National Health Amendment (Enhancing the Pharmaceutical Benefits Scheme) Bill 2021 – a focus on medicines supply


The National Health Amendment (Enhancing the Pharmaceutical Benefits Scheme) Bill 2021 (Bill) was introduced into the House of Representatives on 28 October 2021.

The Bill seeks to implement a number of measures agreed to in Strategic Agreements (Agreements) between the Government and the medicines industry of Australia (represented by Medicines Australia and the Generic and Biosimilar Medicines Association (GBMA)). The Agreements were signed in September 2021, and will be in place for five years from 1 July 2022.

As outlined in the Explanatory Memorandum (EM), the Bill has three key elements:

  • changes to statutory price reductions for medicines listed on the Pharmaceutical Benefits Scheme (PBS), with several of the current arrangements due to expire on 1 July 2022 (Part 2 of the Bill)
  • establishing a price reduction floor (floor price) for PBS medicines that have an approved ex-manufacturer price (AEMP) of $4.00 or less (Part 2) and
  • requiring suppliers of PBS medicines (Responsible Persons) with a floor price to maintain a minimum level of stock in Australia (Part 4).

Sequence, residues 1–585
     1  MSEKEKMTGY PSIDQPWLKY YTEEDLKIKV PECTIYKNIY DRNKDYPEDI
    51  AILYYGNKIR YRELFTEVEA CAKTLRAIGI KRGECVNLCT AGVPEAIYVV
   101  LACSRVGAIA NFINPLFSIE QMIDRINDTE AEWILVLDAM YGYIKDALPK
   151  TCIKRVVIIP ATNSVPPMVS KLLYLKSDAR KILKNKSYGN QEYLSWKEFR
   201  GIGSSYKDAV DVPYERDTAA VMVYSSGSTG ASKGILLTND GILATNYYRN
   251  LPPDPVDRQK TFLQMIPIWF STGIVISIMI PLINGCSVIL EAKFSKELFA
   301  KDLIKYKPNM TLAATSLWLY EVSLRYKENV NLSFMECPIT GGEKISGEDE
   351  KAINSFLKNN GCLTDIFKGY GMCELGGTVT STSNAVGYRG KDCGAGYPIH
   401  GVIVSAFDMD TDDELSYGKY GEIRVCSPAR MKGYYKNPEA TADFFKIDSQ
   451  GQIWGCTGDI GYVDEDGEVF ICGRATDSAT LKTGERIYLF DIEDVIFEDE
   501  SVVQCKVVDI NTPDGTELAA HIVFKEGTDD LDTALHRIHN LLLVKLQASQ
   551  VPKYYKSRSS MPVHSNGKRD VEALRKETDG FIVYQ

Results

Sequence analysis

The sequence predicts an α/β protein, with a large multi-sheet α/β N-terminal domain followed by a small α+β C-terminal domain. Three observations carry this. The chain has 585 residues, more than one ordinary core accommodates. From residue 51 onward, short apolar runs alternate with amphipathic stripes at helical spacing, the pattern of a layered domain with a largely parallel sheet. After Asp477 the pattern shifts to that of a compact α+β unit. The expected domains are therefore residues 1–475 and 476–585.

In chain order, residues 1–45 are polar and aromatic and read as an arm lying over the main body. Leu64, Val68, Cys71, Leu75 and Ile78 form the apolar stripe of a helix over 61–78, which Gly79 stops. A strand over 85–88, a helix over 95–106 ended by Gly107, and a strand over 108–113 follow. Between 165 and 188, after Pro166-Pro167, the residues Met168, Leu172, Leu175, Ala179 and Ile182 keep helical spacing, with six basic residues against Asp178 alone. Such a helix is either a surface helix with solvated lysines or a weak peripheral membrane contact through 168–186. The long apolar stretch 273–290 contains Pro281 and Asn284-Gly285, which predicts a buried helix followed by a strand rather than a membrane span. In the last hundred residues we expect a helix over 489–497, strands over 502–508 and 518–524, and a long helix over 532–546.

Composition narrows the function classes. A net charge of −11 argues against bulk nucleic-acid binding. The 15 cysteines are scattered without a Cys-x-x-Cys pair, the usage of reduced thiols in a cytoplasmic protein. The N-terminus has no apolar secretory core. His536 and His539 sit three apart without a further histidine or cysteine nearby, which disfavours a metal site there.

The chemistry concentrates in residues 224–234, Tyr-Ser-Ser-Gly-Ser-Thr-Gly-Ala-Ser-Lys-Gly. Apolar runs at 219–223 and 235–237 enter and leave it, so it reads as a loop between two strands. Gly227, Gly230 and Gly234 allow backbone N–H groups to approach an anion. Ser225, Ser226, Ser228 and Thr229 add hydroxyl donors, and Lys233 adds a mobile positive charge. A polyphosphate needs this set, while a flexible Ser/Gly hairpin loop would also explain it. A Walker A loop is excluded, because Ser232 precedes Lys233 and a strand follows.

This Flagpost will focus on medicine supply security arrangements and the Agreements entered into with industry. Further information about the operation of the PBS and statutory price deductions more generally has previously been published by the Library.

Medicine shortages

It is estimated that more than 500 PBS listed medicines were affected by medium to critical impact shortages in 2019 and 2020, affecting people’s access to these medicines in Australia. Medicines that were most susceptible to shortages were commonly prescribed, low-cost, generic medicines, including antibiotics and medicines used to treat epilepsy and mental health conditions. According to the EM, PBS listed medicines supplied by drug manufacturers to the Commonwealth for an AEMP price of $4.00 or less per pack were the most susceptible (p. 2).

The COVID-19 pandemic not only exacerbated medicine shortages but also highlighted weaknesses in supply chains. The Senate Select Committee on COVID-19 and the Productivity Commission have recently examined the issue of vulnerable supply chains, including its impact on access to medicines. The Government has also adopted strategies to try and minimise the impact on medicine shortages during the pandemic (on top of existing measures), such as the Serious Scarcity Substitution Instruments issued by Therapeutic Goods Administration (TGA) that allows community pharmacists to substitute specific medicines without needing prior approval from the health practitioner who prescribed the medication (who will be notified after the substitution).

Supply security

Both of the Agreements include a clause providing for security of supply, which the Government has termed the Medicines Supply Security Guarantee, which is designed to ‘better protect Australian patients, pharmacists, and prescribers from the impact of the increasing number of medicines supply shortages and interruptions, both globally and domestically’.

The Agreements identify three main measures for supply security: